During the summer of 2018, two AUMDAR systems were readied for an at-sea deployment. Commercially available Wilcoxon VS-205 (MD, USA) acoustic vector sensors were integrated into AUMDAR as the acoustic sensor suite. Each VS-205 consists of an omnidirectional hydrophone and three orthogonal, directional particle acceleration transducers housed in single, neutrally buoyant sensor housing. Acoustic vector sensors permit direction of arrival (DOA) estimates by combining the omnidirectional and directional field components. Although the VS-205 is capable of generating its own non-acoustic data describing its spatial orientation with respect to the earth's gravitational and magnetic fields, this functionality was not utilized on AUMDAR, and the platform orientation was derived from the environmental board.

Lake Travis is a 63 mile long, man-made reservoir located about 13 miles northwest of Austin, TX that was formed by damming the Colorado River by Mansfield Dam. Figure 1(a) shows a satellite image of the southeastern region of the lake. Figure 1(b) is a closer view of the experimental region and is comprised of a visible satellite image overlain by high resolution data from forward-looking sonar (the rainbow color shading) and by coarser resolution elevation data provided by the Lower Colorado River Authority (LCRA), displayed as isobath contours. The Colorado River channel is distinguishable in Fig. 1(b) as the portion of the bathymetry between the 40 m isobaths and, for the purpose of this discussion, is divided into northern and southern river channel designations. The depth of the lake depends on regional rainfall and on downstream water demand and is controlled by floodgates located in the dam; the lake was 202.2 m above mean sea level (AMSL) on June 13, 2018 (207.5 m AMSL is considered full). On this day, two of the highest points on the “Sometimes” Islands were protruding above the air/water interface.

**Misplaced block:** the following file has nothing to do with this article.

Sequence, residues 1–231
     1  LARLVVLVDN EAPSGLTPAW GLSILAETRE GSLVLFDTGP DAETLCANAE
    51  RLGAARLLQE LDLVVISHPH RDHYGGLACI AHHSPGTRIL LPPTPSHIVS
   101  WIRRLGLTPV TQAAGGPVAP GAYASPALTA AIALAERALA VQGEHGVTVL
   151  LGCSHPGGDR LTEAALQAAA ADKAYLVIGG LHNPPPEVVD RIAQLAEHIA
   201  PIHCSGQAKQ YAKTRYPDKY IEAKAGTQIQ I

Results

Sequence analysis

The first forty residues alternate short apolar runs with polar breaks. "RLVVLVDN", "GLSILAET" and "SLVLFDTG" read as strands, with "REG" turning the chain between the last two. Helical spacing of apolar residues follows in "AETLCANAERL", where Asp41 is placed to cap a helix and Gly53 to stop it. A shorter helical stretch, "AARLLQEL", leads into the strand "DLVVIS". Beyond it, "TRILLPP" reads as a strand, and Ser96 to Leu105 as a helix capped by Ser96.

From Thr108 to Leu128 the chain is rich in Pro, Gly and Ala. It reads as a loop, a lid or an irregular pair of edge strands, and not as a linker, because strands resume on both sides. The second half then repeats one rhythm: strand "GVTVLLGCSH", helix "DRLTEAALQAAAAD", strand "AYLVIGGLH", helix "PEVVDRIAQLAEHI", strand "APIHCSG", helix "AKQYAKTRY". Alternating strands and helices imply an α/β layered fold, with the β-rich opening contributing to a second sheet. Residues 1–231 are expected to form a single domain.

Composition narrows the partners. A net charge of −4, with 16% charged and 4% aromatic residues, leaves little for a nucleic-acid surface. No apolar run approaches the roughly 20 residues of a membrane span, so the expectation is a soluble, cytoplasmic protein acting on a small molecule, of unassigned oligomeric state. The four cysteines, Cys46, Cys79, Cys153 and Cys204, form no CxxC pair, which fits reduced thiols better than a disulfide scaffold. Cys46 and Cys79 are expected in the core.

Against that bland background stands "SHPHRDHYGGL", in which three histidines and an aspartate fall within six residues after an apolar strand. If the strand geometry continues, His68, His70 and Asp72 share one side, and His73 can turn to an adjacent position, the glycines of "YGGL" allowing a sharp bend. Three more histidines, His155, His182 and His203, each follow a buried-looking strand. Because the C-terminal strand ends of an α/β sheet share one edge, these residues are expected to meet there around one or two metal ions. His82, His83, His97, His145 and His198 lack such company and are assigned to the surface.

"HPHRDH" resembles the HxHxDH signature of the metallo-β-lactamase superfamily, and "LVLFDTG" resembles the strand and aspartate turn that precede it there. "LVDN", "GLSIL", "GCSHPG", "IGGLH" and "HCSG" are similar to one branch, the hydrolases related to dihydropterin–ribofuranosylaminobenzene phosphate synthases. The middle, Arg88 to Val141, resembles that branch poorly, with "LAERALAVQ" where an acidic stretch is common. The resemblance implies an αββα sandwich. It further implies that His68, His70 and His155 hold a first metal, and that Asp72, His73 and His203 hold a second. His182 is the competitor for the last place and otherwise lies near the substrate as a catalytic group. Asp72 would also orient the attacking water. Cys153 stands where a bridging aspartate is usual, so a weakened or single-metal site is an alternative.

FIG. 1.

(Color online) (a) Satellite image of the southeast region of Lake Travis with weather stations W1 to W4 and AUMDAR locations A1 and A2 marked. (b) Detailed depiction of the submerged river channel near Mansfield Dam. Color bathymetry data from high-resolution, forward-looking sonar and labeled isobaths (in m) from LCRA elevation data are superimposed on the satellite imagery.

FIG. 1.

(Color online) (a) Satellite image of the southeast region of Lake Travis with weather stations W1 to W4 and AUMDAR locations A1 and A2 marked. (b) Detailed depiction of the submerged river channel near Mansfield Dam. Color bathymetry data from high-resolution, forward-looking sonar and labeled isobaths (in m) from LCRA elevation data are superimposed on the satellite imagery.

Close modal

Despite the southeastern basin of Lake Travis being covered by water (except for the exposed parts of the Sometimes Islands), the bathymetry is quite complex in the experimental region. The two AUMDAR units were deployed near the middle of the northern river channel, to the north of the Sometimes Islands, and to the east of the southernmost bend in the river channel. Two of the steepest bathymetry gradients in all of Lake Travis occur on the southern wall of the northern river channel, in the immediate vicinity of the AUMDAR deployment locations, labeled A1 and A2 in Fig. 1. The maximum slopes in these areas are nearly 50° with mean slopes between 20° and 30°. There is also a very steep gradient along a north/south line immediately west of Windy Point with slopes in excess of 30°.

As part of the system checkout process, both AUMDAR systems were deployed in Lake Travis for approximately 20 h spanning June 13–14, 2018. Each system was deployed on a vertical mooring line, with the vector sensor located approximately 5 m above the lake bed. The systems recorded continuously during the entirety of the deployment. The winds, measured at weather stations designated in Fig. 1(a) as W1 to W4, were relatively calm throughout the experimental period with a mean wind speed around 2 m/s, which diminished toward zero in the overnight and early morning hours.

1. Platform motion